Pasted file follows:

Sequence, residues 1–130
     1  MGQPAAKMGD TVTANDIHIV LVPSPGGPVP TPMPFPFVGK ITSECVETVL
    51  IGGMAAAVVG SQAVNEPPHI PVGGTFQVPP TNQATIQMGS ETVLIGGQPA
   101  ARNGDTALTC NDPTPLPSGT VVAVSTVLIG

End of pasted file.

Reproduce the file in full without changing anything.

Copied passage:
Sequence, residues 1–130
     1  MGQPAAKMGD TVTANDIHIV LVPSPGGPVP TPMPFPFVGK ITSECVETVL
    51  IGGMAAAVVG SQAVNEPPHI PVGGTFQVPP TNQATIQMGS ETVLIGGQPA
   101  ARNGDTALTC NDPTPLPSGT VVAVSTVLIG